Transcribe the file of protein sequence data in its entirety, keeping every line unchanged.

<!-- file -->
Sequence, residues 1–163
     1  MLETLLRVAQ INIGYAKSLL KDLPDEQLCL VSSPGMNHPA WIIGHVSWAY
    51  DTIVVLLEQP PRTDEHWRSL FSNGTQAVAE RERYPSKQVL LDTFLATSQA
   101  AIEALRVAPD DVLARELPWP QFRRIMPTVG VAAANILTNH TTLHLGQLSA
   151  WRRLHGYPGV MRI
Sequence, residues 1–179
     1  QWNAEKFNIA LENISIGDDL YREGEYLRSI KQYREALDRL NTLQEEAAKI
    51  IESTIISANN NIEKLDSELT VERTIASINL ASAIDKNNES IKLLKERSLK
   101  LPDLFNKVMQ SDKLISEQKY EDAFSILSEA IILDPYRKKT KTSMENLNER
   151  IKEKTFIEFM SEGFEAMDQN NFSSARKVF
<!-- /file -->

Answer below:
Sequence, residues 1–163
     1  MLETLLRVAQ INIGYAKSLL KDLPDEQLCL VSSPGMNHPA WIIGHVSWAY
    51  DTIVVLLEQP PRTDEHWRSL FSNGTQAVAE RERYPSKQVL LDTFLATSQA
   101  AIEALRVAPD DVLARELPWP QFRRIMPTVG VAAANILTNH TTLHLGQLSA
   151  WRRLHGYPGV MRI
Sequence, residues 1–179
     1  QWNAEKFNIA LENISIGDDL YREGEYLRSI KQYREALDRL NTLQEEAAKI
    51  IESTIISANN NIEKLDSELT VERTIASINL ASAIDKNNES IKLLKERSLK
   101  LPDLFNKVMQ SDKLISEQKY EDAFSILSEA IILDPYRKKT KTSMENLNER
   151  IKEKTFIEFM SEGFEAMDQN NFSSARKVF